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‘Adapt or die’: Why being a CEO is more challenging than ever

With no financial crisis or global pandemic prompting the great CEO exodus of 2019, what lessons can be gained for today’s CEOs looking ahead to an uncertain future?

CEO turnover

With a stable global economy buoying bottom lines of 2019, a total of 1,640 CEOs departed US businesses. This was the highest turnover ever recorded by global outplacement and executive coaching firm Challenger, Gray & Christmas since it started tracking CEO turnover in 2002.

The lingering impact of the #MeToo movement meant CEOs were increasingly held to a higher ethical standard last year. In November, McDonald’s CEO Steve Easterbrook was forced to step down after admitting to a consensual relationship with an employee, but most departures weren’t so dramatic.

“Many CEOs (395) retired from their positions after a long tenure, leaving the company in relatively good shape,” says Andrew Challenger, SVP of Challenger, Gray & Christmas. “Others left because their skills were in demand and they were offered new opportunities (154). And more found that advances in technology and shifts in consumer behaviour called for new leadership.”

The trend of high CEO turnover is not limited to the US. “Before COVID-19, CEO tenure in the top 50 ASX-listed companies had continued on a downward trend since 2003,” says veteran PR advisor John Connolly who has counselled companies in the US, Canada, UK and Australia. “In 2003, it was 8.5 years, and today it is only 3.7 years. The pressure on a CEO has definitely become more intense in recent years. I think there’s now a climate of outrage, and that outrage needs an answer. The answer has been, in a lot of cases, to fire the CEO.”

Given the current crisis, Challenger admits that “CEO movement appears to have ground to a halt as companies take a wait and see approach amid all the uncertainty”. But, many of last year’s departures can provide lessons for the months and years ahead as businesses around the world weather an unprecedented storm.

CEO turnover shows everyone is replaceable

Last year’s high CEO turnover numbers suggest that even when an economy or company is doing well, the board and stakeholders, or even the public, can always believe someone can do it better than the existing CEO.

“Higher labour turnover, in this case in the market for CEOs, usually suggests increased competition,” rationalises Professor Carl Rhodes, Deputy Dean of the University of Technology Business School in Sydney. “CEOs are working in an increasingly cutthroat labour market, where there is always someone in the wings waiting to take over their job.”

According to the Challenger, Gray & Christmas research, 784 replacement CEOs came from outside the company and 620 were internal replacements. This was the first time that external candidates outpaced internal ones since 2013.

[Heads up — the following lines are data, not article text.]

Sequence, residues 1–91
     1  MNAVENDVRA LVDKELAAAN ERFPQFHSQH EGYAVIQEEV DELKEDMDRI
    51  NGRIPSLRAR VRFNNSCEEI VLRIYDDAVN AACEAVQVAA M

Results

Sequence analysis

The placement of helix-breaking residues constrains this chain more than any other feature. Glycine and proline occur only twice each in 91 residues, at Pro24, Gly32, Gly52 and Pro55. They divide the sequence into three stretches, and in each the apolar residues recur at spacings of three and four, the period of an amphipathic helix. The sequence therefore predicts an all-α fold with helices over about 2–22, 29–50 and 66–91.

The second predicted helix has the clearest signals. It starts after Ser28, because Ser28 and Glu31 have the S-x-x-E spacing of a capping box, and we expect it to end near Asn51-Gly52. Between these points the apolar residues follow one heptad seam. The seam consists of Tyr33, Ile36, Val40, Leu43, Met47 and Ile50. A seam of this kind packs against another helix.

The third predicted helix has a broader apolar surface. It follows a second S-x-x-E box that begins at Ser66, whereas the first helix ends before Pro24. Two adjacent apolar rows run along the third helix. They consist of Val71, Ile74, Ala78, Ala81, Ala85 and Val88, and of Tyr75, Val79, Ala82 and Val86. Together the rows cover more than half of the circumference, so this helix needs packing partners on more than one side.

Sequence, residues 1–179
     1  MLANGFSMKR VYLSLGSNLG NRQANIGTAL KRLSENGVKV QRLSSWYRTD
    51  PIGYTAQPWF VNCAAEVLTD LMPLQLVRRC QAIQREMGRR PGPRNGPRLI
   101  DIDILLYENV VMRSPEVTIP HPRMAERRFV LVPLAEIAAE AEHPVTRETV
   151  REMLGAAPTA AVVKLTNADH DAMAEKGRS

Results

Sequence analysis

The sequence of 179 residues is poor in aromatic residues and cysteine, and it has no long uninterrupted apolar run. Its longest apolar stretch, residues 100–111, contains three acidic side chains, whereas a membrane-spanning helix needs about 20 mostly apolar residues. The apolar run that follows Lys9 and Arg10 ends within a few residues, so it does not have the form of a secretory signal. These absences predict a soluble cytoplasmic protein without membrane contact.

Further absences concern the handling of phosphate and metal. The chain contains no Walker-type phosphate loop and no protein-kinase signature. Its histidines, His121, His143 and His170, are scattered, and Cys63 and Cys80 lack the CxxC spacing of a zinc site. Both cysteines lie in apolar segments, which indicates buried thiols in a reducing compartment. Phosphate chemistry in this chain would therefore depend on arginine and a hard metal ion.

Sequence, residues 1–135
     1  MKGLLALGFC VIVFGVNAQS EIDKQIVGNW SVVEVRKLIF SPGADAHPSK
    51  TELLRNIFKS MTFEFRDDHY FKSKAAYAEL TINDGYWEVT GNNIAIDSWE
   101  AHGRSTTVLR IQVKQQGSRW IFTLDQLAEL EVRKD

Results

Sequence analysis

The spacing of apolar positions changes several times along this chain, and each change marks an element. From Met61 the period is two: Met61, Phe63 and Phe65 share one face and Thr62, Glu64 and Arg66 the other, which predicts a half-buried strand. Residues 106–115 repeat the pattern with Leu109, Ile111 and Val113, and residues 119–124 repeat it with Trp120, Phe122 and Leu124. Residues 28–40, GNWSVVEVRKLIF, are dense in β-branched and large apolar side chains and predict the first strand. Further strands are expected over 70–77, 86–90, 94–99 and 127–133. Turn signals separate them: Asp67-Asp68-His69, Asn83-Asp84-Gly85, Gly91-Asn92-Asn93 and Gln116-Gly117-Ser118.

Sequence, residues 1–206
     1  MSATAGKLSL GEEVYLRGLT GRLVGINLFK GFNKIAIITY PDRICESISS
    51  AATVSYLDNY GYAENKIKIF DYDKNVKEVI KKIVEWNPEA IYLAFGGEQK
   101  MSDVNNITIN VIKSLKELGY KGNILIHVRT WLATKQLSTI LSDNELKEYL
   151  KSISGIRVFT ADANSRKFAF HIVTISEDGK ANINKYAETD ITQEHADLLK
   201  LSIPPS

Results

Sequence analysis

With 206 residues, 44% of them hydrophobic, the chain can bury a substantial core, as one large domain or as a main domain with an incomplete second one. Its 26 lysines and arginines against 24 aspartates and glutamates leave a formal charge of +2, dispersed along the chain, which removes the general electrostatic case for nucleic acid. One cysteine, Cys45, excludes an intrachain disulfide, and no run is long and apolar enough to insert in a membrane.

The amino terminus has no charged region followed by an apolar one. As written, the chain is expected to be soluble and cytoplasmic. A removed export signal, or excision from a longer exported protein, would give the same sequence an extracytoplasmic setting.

“One of the key drivers for this is the new challenges CEOs are facing, such as digital transformation, changing market environments and diverse workforces.” – Kris Grant

The replacement of Nike CEO Mark Parker in October with John Donahoe, formerly of eBay, shows how boards are increasingly looking at candidates who have strengths and knowledge beyond what exists within the organisation. In this case, Donahoe was recruited to oversee a big push into ecommerce for Nike, a well forecasted move given the current crisis.

CEOs need to adapt under pressure

While the current global pandemic is testing companies in ways they could never before have conceived, there is no doubt that the pressures of running a modern-day business were already increasing before 2020.

“In 2019, the Asia–Pacific market saw one of its highest CEO turnover rates in the past 10 years,” describes Kris Grant, CEO of ASPL Recruitment and Consulting. “One of the key drivers for this is the new challenges CEOs are facing, such as digital transformation, changing market environments and diverse workforces.”

CEO turnover

Retail is one sector where CEOs have failed to adapt quickly enough, or even at all. The CEO of clothing giant GAP, Art Peck, stepped down in November after he presided over several years of declining sales and the company’s stock losing more than half its value.

“CEOs must have the agility to respond to rapidly changing market conditions and display effective leadership – something which is becoming one of the most crucial parts of the role,” emphasises Grant.

“This has become apparent through Australia’s bushfire crisis and now the COVID-19 outbreak. A great example of this is Andy Penn, CEO of telecommunications giant Telstra, who is leading his workforce through COVID-19 with a combination of confident decision-making and clear communication with employees.”

While businesses and organisations are fighting for survival right now, there will be a lot of reflection in a post-COVID world on how CEOs steered the ship through the crisis. As Grant confirms, “The main challenge for CEOs around the world is how quickly they can innovate to maximise this period of uncertainty.”

‘Adapt or die’ is an often-used metaphor when describing the extinction of the dinosaurs, and, perhaps, many of 2019’s departed CEOs as well.

Boeing’s former CEO, Dennis Muilenburg, was ousted in December after two fatal crashes of the company’s bestselling plane, but he will depart with stock and pension awards worth more than US$60 million.

In the US, the government/non-profit sector led all industries in CEO turnover in 2019, with 339 departures – 22.8% more than 2018.

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